And now for something a little different …
One of the central questions any independent company faces is what sort of stories they want to tell, what kind of narrative and artistic energy they want to send out into the landscape.
That question reaches its zenith when submission season opens and we’re all desperately trying to find “the” play that will win us a slot in one of the curated independent seasons around the city.
Our company, Tooth and Sinew, has kind of a style and it’s not unfair to describe that style as “heavy”.
So far, we have produced shows about siblings murdering their mother, an artist suffering persecution for honestly depicting a bloody sea battle, a young women indulging an Oedipal fantasy with a homeless man she’s kidnapped, and some paranoid chavs smashing a young man’s face in with a hammer.
We’re very proud of all the work we’ve created, but it wasn’t exactly easy going for an audience.
“Let’s do something fun. Something unapologetically fun.”
The co-director of the company suggested staging Alfred Jarry’s Ubu Roi. It’s a play famous for its silliness, its scatological humour, its frantic unwillingness to take itself seriously.
A huge man takes over Poland and proceeds to rob everyone blind until he’s forced to flee to France. His sceptre is a toilet brush. He references his “green candle” endlessly. He was originally played by a puppet in the attic of some potty-mouthed French schoolboys.
At the same time, we felt a need to engage with the most pressing issue we, as a society, are facing: the climate crisis. If we take what scientists say seriously, that we have less than 12 years to prevent environmental catastrophe, how are we talking about anything else?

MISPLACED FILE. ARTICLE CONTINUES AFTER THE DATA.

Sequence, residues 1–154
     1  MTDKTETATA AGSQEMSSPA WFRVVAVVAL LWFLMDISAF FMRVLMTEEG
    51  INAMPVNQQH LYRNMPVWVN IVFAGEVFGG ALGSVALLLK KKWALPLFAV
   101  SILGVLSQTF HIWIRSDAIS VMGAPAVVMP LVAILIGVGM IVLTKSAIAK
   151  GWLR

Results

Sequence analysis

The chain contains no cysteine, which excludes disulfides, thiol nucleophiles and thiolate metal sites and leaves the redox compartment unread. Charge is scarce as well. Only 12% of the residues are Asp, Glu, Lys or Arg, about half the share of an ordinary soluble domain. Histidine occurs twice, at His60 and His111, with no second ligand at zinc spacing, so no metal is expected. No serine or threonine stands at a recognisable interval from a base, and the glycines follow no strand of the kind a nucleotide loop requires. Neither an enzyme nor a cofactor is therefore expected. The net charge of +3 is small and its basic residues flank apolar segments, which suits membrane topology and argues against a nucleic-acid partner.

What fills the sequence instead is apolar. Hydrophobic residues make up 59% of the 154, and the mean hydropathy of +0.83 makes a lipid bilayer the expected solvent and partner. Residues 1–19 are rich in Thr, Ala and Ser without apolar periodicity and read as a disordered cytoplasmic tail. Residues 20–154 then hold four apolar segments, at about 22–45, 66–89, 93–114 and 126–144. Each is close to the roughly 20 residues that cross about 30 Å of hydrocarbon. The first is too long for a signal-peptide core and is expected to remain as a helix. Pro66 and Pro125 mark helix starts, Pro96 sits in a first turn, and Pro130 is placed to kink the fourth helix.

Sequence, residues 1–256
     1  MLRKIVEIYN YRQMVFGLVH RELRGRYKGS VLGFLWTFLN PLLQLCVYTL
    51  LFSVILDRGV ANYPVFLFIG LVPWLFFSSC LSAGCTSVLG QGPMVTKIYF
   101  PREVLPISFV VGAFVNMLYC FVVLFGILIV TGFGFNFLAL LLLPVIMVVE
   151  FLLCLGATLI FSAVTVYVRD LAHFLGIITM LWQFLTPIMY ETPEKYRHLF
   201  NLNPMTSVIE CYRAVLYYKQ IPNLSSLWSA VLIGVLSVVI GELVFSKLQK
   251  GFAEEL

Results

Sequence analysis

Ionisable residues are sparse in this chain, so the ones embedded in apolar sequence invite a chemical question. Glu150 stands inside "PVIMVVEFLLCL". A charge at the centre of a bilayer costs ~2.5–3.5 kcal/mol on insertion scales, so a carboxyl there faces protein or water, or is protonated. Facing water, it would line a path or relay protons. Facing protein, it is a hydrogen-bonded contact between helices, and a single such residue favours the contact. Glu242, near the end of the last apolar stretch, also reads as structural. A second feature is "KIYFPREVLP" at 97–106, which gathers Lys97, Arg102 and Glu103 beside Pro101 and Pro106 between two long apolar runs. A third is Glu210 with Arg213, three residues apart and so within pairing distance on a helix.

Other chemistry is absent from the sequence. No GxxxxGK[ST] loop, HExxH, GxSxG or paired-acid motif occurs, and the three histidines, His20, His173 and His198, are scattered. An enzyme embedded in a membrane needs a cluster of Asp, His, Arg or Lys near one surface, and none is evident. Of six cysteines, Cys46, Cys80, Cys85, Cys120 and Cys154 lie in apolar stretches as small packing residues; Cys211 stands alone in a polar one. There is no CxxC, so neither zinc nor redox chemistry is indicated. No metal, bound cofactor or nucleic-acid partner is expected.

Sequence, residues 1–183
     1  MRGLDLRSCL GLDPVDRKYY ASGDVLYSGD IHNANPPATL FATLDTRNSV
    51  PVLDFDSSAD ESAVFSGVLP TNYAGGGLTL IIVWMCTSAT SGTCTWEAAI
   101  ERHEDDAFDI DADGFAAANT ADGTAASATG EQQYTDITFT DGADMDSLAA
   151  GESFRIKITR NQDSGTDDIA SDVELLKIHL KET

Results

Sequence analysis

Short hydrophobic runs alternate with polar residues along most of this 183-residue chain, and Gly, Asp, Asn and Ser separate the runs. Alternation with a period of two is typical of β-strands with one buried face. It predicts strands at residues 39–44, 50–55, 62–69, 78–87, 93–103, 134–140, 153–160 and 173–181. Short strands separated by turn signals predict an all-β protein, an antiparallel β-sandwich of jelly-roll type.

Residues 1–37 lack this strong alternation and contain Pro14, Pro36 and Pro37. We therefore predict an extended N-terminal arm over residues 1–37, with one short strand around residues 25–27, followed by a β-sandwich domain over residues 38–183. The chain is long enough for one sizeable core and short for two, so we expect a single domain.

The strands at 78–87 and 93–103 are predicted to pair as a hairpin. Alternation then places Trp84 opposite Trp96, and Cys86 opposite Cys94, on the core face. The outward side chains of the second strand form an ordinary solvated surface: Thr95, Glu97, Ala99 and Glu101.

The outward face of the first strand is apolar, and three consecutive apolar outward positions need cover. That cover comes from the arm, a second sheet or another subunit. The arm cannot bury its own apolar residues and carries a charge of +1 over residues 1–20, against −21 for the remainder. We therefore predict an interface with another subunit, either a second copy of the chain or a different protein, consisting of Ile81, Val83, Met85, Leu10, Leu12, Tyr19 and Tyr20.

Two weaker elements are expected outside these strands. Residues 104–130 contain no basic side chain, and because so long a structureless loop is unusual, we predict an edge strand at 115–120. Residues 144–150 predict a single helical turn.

So we decided to do both. Take the energy and spirit of Ubu Roi and write a new adaptation, a version where these mad eyed freaks and clowns take and take and take until there is nothing left but dust and dried vomit.
I have never written a play before.
Being unable to enter the rehearsal room with a tried and tested script is certainly a new experience for us and an ensemble-based approach to the actual construction of the piece was something we as a company have never explored before. It felt appropriate for this show. We cast funny actors and let them loose: they were given the basic outline of a potential scene, a couple of points which had to be discussed and then left to their own impulses.
Improvisations could last close to an hour. The next rehearsal would arrive with some pages of a scene which were discussed, altered and, in many cases, thrown away. This went on until we had a play, which we decided to call U.B.U – A Cautionary Tale of Catastrophe.
I’m interested to see how people respond to this new work. It embraces toilet humour, childish bullying and neon tulle in a way that won’t be to everyone’s taste. It is frantic and frenetic and dopey and malicious. But it is very different from what we’ve done before and we feel it adds a unique and colourful voice to the existing Sydney theatre landscape.
As artists, we should take theatre very seriously. And sometimes that means acting like a clown.